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Adventurous man turned a nearby volcano into a pizza oven

AccuWeather logo AccuWeather 5/12/2021 Adriana Navarro

There's a certain technique to cooking pizza with a volcano -- one that David Garcia has had to master in order to not burn the food or himself.

The first steps are simple -- knead and shape the dough, place it on a pan and dress it up with sauce, mozzarella cheese and toppings. Then, donning thick, protective gloves, Garcia places it on the bank of a river of lava that snakes under jagged volcanic rocks of Guatemala's Pacaya volcano.

a man standing in front of a mountain © Provided by AccuWeather
David Garcia cooks pizzas using the fiery temperatures of Guatemala's Pacaya volcano. (AFP)

Over a river of lava, Garcia has to gauge a few things, one of which is making sure the pizza doesn't drift away. The second is making sure the lava isn't too hot.

"It was difficult for me to learn the technique here so the pizza doesn't [get] burnt. And it is also a risk to be on the shore because it is at a high temperature of 1,500 to 2,000 degrees, so I have to watch the wind direction so it doesn't affect me," Garcia told AFP.


But after his first time biting into a magma-made pizza, he found the risk was worth the taste and perhaps an attraction for tourists.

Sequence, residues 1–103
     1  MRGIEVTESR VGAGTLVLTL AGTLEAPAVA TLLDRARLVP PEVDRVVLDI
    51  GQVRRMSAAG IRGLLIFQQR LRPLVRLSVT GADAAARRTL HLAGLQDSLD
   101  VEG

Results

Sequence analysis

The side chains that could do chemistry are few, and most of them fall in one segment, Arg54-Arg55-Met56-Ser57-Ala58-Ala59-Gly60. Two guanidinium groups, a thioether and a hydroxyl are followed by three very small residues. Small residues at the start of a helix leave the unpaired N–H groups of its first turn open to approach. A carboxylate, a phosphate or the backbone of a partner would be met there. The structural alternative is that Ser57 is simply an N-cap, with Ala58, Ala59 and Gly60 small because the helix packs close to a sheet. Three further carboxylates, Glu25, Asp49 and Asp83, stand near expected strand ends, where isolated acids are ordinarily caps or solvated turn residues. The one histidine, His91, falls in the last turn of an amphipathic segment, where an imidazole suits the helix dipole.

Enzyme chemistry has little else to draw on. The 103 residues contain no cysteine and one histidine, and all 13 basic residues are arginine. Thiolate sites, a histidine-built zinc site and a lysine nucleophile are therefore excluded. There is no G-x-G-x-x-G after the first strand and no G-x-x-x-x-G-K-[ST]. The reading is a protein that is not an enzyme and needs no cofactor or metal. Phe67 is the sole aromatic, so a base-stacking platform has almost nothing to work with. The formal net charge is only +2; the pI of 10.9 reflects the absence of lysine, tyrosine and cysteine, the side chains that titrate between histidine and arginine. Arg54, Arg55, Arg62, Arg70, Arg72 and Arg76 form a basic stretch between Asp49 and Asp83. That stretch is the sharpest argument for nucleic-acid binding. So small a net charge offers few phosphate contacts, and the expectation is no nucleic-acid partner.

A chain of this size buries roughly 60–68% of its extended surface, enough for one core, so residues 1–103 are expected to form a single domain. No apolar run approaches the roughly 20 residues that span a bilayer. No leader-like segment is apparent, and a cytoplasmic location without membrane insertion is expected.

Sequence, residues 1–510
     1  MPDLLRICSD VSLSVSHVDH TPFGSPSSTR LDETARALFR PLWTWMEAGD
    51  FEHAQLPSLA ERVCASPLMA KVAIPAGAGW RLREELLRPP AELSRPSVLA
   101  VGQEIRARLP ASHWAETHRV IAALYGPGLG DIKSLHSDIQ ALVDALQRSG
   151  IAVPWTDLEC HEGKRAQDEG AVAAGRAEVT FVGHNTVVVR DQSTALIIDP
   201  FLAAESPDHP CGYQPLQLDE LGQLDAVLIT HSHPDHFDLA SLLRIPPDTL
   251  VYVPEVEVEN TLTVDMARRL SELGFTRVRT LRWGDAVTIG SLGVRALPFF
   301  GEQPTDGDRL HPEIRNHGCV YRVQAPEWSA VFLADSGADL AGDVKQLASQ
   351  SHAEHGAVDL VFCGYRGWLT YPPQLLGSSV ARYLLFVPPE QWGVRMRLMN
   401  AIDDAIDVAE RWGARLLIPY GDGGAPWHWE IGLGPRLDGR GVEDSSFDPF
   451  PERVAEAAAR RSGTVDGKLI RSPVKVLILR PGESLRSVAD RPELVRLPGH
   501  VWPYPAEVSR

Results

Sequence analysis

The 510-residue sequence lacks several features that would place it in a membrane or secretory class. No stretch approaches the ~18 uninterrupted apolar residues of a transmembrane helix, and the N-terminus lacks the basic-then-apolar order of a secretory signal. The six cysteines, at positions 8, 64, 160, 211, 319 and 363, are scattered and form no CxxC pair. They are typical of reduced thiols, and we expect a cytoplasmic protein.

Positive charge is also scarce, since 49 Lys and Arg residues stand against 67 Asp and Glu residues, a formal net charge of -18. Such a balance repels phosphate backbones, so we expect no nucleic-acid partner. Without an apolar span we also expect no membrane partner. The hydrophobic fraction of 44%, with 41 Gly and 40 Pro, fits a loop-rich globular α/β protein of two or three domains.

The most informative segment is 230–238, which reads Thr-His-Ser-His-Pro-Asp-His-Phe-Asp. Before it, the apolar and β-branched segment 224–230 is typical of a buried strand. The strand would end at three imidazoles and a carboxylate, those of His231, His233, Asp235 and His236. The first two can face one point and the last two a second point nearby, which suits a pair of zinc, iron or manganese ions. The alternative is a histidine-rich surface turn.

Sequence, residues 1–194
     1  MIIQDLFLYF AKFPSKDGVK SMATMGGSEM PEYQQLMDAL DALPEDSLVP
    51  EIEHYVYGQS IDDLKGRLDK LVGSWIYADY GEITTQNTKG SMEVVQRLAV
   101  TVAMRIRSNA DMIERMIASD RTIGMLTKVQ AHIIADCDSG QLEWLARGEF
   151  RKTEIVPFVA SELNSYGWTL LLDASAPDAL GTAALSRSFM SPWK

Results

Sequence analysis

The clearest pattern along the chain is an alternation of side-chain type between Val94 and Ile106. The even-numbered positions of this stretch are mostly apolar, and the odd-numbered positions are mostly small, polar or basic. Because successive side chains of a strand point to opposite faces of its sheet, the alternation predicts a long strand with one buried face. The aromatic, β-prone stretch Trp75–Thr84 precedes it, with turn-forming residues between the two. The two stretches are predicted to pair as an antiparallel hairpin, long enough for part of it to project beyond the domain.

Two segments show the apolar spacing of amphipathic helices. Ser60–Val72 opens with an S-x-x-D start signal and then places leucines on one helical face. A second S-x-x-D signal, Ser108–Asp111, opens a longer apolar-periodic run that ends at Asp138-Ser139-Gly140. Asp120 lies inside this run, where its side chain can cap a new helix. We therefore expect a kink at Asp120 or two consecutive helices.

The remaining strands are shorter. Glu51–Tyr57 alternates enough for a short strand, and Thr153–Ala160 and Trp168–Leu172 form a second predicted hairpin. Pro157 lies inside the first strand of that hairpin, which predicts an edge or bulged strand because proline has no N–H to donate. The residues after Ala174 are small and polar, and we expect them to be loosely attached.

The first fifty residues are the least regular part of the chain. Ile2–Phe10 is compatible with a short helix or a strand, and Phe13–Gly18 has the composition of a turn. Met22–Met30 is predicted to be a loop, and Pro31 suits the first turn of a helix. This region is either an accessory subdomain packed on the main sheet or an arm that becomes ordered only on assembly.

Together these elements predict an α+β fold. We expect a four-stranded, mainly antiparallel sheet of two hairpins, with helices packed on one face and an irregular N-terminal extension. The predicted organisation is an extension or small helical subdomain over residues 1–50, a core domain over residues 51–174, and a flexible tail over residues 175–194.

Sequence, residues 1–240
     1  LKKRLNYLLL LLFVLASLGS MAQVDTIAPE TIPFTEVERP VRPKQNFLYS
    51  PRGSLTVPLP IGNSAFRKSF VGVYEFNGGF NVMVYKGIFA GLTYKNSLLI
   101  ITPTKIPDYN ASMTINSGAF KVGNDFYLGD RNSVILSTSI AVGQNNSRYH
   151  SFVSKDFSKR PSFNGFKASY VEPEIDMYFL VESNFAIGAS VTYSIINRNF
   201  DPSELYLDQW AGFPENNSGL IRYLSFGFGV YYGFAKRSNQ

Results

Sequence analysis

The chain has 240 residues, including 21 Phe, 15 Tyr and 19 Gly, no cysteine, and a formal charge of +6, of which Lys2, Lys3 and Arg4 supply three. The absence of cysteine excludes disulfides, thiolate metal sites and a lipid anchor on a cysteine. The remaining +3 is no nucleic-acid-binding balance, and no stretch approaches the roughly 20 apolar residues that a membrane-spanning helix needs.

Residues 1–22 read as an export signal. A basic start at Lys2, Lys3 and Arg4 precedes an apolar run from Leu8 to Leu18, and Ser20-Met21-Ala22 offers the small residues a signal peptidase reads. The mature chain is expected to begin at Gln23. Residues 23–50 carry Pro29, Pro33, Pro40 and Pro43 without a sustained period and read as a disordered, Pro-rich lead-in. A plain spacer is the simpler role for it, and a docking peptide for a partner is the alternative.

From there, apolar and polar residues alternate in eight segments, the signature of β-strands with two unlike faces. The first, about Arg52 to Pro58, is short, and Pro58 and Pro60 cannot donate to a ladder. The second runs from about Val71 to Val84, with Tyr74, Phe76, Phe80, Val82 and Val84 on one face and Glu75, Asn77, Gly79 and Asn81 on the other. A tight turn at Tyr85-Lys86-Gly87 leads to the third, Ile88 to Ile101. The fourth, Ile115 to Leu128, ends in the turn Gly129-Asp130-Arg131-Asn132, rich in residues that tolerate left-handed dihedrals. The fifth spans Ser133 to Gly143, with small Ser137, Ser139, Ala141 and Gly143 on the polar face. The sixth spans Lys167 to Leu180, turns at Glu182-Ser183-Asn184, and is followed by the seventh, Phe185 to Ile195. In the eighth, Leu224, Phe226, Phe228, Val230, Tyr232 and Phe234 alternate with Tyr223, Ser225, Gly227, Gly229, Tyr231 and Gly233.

"You don't see this anywhere else, and the fact that there's a pizza chef in the heart of the volcano is impressive and unique in the world," Felipe Aldana, a tourist in the area, told AFP.

Tourist Kelt Van Meurs told AFP that not only was the pizza tasty, but it had a "magmatic crunch."

This method of cooking has also been used earlier this year by scientists studying the Geldingadalsgos volcano in Fagradalsfjall, Iceland, who used the heat to cook some hot dogs for lunch.

a slice of pizza © Provided by AccuWeather
To cook the pizza, David Garcia places the pan over the hot volcanic rocks. (AFP)

Pacaya volcano serves as both Garcia's oven and a tourist attraction despite its near continuous activity. As recently as March, the volcano had been spewing ash up to 1,640 feet from its crater. The ash had been reported falling over El Rodeo and El Patrocinio communities, and a lava flow had even cracked the west flank of the volcano, the National Institute of Seismology, Volcanology, Meteorology and Hydrology reported.

By late April, the Pacaya National Park reopened to tourists, and Garcia got back to cooking.

For those not as adventurous as Garcia but want to make homemade pizza this summer, check out these more traditional pizza ovens.

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